For all the corners of the Marvel Universe Kieron Gillen has worked in over the past decade, he’s often felt the most at home playing in the Star Wars sandbox. There’s something about this iconic franchise that plays directly to Gillen’s storytelling strengths, including his quirky sense of humor and his penchant for character-driven fantasy epics. Those strengths have served him well since taking the reins of Marvel’s flagship book. And they fuel a satisfying conclusion to his run in Star Wars #67, albeit with the same, familiar caveat as nearly every other issue for the past couple years.Issue #67 wraps up “The Scourging of Shu-Toran,” a story arc that manages to wrap up all the loose ends from Gillen’s Star Wars run and his and Salvador Larroca’s Darth Vader series. This hellish, mineral-rich mining world is once again the site of a major showdown between the Rebellion and the Empire, a Leia spearheads what she hopes will be a major strategic victory for the Rebels. But with Benthic and his Partisans co-opting this sabotage mission for their own ends, Leia may wind up sending the wrong sort of message to the galaxy at large.

This issue and the arc as a whole are a great reminder of just how much Gillen has been able to work the characters and conflicts of Rogue One into this series in an organic way. As much as this arc has all the hallmarks of a good Rebels vs. Empire conflict, that rivalry is less important than the heated philosophical divide between Leia’s rebels and the Partisans. Leia wants to inspire others to rise up against tyranny, while sparing as many innocent lives as possible in the process. The Partisans are radicals who don’t care whom they hurt, so long as the Empire is repaid in kind for Jedha. The urgency of this conflict becomes less about whether the mission will succeed and more if Luke and Leia can get through to their allies before the unthinkable happens. It’s a smart way of creating real drama and stakes in a book where readers already know the end destination.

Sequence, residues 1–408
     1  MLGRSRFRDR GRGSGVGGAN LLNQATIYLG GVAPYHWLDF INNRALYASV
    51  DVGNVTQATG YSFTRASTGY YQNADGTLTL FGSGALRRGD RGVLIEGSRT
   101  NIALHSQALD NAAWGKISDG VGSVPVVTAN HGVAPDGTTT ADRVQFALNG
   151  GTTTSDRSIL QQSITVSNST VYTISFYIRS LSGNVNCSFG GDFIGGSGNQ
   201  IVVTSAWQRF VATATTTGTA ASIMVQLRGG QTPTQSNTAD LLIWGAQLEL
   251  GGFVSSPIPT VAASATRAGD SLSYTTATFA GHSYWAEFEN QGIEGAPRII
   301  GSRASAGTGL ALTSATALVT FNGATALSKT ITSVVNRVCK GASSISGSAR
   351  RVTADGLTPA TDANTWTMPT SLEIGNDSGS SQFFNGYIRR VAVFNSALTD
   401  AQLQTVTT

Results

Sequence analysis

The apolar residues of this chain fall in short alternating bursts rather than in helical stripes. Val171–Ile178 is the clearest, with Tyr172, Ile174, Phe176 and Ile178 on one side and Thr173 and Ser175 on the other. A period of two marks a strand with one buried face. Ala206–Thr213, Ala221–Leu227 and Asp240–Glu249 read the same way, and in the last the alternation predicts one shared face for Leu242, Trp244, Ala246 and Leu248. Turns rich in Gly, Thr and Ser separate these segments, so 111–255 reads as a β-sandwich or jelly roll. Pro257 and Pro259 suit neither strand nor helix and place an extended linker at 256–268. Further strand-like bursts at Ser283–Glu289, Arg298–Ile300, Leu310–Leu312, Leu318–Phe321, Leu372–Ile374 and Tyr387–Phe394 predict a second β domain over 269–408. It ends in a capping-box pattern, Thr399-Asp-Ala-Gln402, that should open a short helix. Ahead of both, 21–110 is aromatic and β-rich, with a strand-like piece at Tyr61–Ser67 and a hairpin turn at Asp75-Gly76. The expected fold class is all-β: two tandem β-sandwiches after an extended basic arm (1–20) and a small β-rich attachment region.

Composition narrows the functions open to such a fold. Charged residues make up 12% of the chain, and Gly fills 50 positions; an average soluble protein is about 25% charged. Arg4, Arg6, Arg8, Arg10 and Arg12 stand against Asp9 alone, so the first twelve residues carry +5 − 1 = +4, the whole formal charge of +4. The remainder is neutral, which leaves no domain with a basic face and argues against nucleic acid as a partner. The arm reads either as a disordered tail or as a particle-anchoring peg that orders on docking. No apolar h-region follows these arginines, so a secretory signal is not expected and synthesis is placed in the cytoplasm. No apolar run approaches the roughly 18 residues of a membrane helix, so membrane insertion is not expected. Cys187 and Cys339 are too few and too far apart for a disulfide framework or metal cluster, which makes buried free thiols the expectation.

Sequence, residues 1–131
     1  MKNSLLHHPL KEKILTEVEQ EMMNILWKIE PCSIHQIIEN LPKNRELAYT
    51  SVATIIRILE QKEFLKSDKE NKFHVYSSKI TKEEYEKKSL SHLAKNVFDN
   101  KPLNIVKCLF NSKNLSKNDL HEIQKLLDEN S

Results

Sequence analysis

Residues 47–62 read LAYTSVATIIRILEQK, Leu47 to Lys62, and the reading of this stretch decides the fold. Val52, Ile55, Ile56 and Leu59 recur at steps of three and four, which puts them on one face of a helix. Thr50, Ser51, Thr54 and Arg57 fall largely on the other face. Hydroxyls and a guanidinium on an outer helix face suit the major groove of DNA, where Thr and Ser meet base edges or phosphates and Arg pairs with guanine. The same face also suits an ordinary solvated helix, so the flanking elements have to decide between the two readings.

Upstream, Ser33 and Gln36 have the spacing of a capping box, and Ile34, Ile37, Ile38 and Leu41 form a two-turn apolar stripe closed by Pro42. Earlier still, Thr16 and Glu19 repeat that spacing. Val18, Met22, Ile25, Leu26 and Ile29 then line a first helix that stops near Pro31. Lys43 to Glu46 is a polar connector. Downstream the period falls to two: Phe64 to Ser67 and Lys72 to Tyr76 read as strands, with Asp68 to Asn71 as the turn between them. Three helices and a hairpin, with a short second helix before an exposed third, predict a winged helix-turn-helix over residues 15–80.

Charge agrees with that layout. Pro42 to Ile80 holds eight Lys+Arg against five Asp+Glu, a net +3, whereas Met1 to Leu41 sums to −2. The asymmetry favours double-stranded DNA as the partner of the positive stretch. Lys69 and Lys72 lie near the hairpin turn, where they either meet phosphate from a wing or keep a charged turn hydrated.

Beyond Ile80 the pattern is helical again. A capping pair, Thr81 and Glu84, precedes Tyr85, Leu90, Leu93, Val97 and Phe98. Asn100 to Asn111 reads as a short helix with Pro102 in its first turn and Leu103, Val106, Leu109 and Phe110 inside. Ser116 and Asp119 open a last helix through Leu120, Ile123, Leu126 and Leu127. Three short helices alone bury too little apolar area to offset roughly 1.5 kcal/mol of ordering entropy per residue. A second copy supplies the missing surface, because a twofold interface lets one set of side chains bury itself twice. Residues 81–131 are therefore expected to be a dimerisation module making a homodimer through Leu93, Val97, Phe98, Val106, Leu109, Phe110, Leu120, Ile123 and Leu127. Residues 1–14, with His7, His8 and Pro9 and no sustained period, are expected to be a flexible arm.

There’s also the fact that so much of the story hinges on original characters who fates aren’t tied to the movies. This issue brings necessary closure to a number of character arcs. Queen Trios in particular is given a satisfying sendoff, one that highlights just how tenuous and complicated her position in the larger Galactic Civil War truly is. For however much harm she might have caused in this series, she remains a sympathetic and nuanced character. The same goes for the shape-shifter Tunga, who proves he’s far more than just comic relief in this issue. Some of the scenes are a bit too compressed for their own good (most notably the final confrontation between Leia and Benthic), but Gillen and artist Angel Unzueta do have an awful lot of material to work through in their final issue.

17 New Details We Learned About Star Wars: The Rise of Skywalker

On that note, Unzueta’s art is the one real sticking point as Gillen caps off his run. First under Salvador Larroca and now under Unzueta, the series has adopted a very strange, off-putting visual style that prioritizes photo-realism above all else. Unzueta’s figures may look exactly like their movie counterparts (with many faces lifted directly from the movies), but that merely gives the series an eerie Uncanny Valley quality. And those photo-referenced characters wind up clashing with the ones who aren’t movie-based. This issue conveys the plot and emotional texture easily enough, but every page is plagued by stiff, lifeless figure work and garish colors.



Source link